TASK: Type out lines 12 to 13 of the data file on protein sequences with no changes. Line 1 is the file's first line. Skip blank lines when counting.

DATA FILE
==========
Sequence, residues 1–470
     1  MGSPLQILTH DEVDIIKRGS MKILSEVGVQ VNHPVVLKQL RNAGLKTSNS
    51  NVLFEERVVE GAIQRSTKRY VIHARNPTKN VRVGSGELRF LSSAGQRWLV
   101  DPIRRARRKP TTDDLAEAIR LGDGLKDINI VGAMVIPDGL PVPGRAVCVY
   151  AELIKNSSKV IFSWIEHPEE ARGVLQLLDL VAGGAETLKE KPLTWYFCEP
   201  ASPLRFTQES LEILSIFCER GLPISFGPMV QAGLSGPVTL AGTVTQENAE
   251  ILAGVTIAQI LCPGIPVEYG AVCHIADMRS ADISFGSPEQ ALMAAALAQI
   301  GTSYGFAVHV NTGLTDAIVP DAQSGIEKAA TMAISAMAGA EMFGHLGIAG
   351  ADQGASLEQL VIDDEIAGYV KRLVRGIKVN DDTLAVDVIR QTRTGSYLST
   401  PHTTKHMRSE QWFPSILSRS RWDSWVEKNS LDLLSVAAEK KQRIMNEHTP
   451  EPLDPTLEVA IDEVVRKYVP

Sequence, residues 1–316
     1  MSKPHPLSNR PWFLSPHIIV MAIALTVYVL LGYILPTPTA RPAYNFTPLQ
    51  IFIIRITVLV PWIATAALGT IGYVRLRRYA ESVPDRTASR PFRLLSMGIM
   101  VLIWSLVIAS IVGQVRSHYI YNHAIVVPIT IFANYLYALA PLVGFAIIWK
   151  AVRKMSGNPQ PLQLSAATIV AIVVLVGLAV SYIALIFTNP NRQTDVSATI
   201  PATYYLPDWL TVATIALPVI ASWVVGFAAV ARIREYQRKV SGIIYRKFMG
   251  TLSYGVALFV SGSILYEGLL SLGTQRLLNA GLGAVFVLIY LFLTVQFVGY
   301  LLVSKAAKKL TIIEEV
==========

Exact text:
Sequence, residues 1–316
     1  MSKPHPLSNR PWFLSPHIIV MAIALTVYVL LGYILPTPTA RPAYNFTPLQ